Nestled within the bustle and vivacious color of the city of Dakar, Senegal, there is, perhaps, an unprepossessing room coated in black dust, with a bare dirt floor. A man stoops over a hole in the floor at the center of the room, stoking the coals that heat the furnace there. It is here in this m’bar—a Senegalese goldsmith’s studio—that he taps his formidable skill and artistry to create some of the most complex and elegant works of gold jewelry in the world.
Wolof artist or client, Senegal, Necklace, mid 20th century, gold and copper, Pendant: H. 4 3/8 x W. 3 3/4 x D. 1 3/16 in.; Chain with florettes: 19 1/2 in.; National Museum of African Art, gift of Dr. Marian Ashby Johnson, 2012-18-4; Photograph: National Museum of African Art, Smithsonian Institution
But behind the man at the forge there is a woman, a signare, commissioning the piece. This necklace (or bracelet, ring, belt, headpiece … ) will be a masterpiece in gold: impossibly delicate threads woven into filigreed organic shapes like flowers, butterflies, vines, or more geometric, almost architectural forms. The finished product will be worn by this signare not merely as an ornament of beauty, but also as an outward display of her status, wealth, and power—none of which are easily come by for women in this time or in this part of the world.
Stanislaus Darondeau, Signare en grand costume (reproduction), in Nicholas Frey’s Côte Occidentale d’Afrique: vues-scenes-croquis (Paris: C. Marpon et E. Flammarion, 1890)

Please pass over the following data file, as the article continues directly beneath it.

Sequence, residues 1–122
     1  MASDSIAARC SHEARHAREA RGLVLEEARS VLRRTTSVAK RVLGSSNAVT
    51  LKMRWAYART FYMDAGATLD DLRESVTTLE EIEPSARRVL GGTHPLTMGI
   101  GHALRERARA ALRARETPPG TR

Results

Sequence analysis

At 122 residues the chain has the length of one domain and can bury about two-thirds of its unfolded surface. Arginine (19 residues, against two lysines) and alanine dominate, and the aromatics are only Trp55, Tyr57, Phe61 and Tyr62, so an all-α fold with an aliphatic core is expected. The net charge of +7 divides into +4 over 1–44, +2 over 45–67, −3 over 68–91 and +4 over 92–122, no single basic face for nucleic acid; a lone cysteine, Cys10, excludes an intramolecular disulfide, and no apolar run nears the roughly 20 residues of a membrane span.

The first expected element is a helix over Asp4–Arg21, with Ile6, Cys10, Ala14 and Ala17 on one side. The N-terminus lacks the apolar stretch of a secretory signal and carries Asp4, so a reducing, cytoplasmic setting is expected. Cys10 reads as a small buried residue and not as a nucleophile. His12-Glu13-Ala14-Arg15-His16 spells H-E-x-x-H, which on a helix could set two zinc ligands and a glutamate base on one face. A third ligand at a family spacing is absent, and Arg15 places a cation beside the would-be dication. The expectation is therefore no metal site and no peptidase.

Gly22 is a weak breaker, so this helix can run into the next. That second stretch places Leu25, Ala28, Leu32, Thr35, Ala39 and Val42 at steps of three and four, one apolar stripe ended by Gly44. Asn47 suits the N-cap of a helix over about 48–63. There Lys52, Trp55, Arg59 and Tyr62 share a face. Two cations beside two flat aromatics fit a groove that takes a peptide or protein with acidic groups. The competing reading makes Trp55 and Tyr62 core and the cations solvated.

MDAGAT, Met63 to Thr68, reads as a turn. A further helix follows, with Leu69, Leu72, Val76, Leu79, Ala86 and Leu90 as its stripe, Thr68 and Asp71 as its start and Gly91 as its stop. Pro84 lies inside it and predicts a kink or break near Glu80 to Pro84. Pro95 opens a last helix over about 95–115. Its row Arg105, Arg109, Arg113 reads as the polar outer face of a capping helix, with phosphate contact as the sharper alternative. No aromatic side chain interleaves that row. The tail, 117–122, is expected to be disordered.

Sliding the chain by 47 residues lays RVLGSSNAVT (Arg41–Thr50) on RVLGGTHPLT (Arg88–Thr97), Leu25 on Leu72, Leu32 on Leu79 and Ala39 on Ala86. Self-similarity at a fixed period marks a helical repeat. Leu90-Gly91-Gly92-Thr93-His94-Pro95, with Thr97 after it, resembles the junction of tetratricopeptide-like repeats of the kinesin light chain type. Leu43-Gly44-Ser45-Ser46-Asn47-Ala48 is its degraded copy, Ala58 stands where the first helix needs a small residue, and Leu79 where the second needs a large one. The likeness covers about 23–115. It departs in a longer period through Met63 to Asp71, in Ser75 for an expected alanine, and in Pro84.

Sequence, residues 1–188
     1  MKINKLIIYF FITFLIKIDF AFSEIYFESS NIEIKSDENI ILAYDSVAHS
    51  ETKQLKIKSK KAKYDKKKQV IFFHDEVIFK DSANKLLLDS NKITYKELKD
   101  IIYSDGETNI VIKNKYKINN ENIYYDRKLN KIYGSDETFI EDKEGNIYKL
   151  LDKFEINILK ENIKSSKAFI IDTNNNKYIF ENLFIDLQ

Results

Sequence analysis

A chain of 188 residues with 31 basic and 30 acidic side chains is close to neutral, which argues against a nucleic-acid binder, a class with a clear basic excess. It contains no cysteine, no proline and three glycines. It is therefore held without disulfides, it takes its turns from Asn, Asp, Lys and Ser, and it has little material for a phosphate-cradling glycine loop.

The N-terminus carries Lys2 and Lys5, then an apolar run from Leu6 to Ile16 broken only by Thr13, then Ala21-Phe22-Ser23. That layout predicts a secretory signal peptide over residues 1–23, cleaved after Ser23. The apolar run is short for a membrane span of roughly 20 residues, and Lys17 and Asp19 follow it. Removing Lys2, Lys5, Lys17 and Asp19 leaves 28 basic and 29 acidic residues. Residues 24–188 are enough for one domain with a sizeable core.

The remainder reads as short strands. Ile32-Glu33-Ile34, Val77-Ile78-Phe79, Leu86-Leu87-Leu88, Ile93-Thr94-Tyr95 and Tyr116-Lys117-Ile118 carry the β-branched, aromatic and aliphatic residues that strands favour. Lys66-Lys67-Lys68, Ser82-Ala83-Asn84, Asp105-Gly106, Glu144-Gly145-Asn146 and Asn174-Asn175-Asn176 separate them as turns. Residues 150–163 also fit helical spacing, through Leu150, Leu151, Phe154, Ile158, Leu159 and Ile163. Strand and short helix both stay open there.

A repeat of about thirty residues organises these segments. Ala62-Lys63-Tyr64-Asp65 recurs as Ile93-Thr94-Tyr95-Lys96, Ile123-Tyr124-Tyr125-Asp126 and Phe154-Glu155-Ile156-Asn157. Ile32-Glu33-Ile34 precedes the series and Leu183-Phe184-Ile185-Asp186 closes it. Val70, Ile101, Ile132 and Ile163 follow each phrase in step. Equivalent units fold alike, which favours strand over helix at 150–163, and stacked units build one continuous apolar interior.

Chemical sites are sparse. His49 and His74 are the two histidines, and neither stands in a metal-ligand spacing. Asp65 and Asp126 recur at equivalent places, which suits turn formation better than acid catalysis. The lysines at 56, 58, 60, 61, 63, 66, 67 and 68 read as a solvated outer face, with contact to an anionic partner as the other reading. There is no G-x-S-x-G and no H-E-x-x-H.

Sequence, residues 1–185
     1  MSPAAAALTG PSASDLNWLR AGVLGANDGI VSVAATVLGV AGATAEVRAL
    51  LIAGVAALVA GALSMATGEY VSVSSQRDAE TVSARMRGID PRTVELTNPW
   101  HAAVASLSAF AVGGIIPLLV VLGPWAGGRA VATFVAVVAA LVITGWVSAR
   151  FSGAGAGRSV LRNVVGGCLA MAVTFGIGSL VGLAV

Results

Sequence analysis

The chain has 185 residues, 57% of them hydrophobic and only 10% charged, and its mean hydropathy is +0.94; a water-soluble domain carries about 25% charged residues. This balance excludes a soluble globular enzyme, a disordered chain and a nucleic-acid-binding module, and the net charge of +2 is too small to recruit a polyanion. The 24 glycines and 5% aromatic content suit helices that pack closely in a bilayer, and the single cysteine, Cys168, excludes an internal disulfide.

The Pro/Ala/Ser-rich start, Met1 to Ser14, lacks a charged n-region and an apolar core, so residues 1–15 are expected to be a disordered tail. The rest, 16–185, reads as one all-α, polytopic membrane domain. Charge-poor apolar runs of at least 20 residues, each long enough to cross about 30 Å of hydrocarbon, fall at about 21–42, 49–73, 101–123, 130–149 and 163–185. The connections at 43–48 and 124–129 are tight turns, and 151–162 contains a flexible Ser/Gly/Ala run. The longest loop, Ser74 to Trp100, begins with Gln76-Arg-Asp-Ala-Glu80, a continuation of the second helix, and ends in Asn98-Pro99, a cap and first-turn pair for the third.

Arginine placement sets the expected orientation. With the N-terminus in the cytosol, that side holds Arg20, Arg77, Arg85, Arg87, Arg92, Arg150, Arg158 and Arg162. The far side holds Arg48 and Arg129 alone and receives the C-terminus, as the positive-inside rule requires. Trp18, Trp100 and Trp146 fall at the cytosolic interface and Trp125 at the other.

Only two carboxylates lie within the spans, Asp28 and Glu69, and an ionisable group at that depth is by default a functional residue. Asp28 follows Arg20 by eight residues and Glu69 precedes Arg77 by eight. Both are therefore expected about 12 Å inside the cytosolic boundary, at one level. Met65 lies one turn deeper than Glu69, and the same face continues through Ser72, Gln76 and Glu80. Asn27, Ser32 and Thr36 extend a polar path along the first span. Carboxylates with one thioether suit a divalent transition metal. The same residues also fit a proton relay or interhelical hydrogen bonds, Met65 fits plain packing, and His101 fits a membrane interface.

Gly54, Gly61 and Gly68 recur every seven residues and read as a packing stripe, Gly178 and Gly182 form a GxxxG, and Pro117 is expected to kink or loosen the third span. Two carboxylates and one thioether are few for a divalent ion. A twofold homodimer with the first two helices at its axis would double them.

The signares of Senegal were African women of means and formidable social consequence during the 18th and 19th centuries. The word signare—a hybrid of French and Portuguese—reflects the collision of cultures that gave rise to these powerful women. Oftentimes signares entered into temporary marriages with European merchants and, being mixed race themselves, were able to leverage their social status and gain wealth through their marriages, carving out a powerful place in the cutthroat world of trade and politics.
The story is a complicated one. These African women inserted themselves into European trade-politics, a big part of which was the transatlantic slave trade. “It’s this history of the oppressive side of human exploitation, plus empowerment at the same time. It’s a very complex narrative,” Amanda M. Maples, the NCMA’s curator of African art, told Smithsonian magazine. Many signares were not only complicit in the sale of enslaved people but owned slaves themselves. All the while, dripping with gold. So history looks back on the signares and sees two sides: on one, a past steeped in exploitation, racism, and class oppression; and on the other, a success story for women who knew the game and played it well, empowering themselves and their descendants.
And, the gold they were dripping with became not only a way to display their wealth and social prowess but also a means for passing on that wealth to future generations. Gold carried an intrinsic value and could always be melted down and remade into new forms or sold for currency. Maples refers to it as “a mobile savings account.” Even today in Senegal, gold is the preferred traditional gift for women, given to wives by their husbands as a wedding gift, or by family at the birth of a child, or even given among women to one another at celebratory events and parties.
Good as Gold: Fashioning Senegalese Women is the first major exhibition of its kind, focusing on the golden history of Senegal, and the complex beauty of the signare and her style.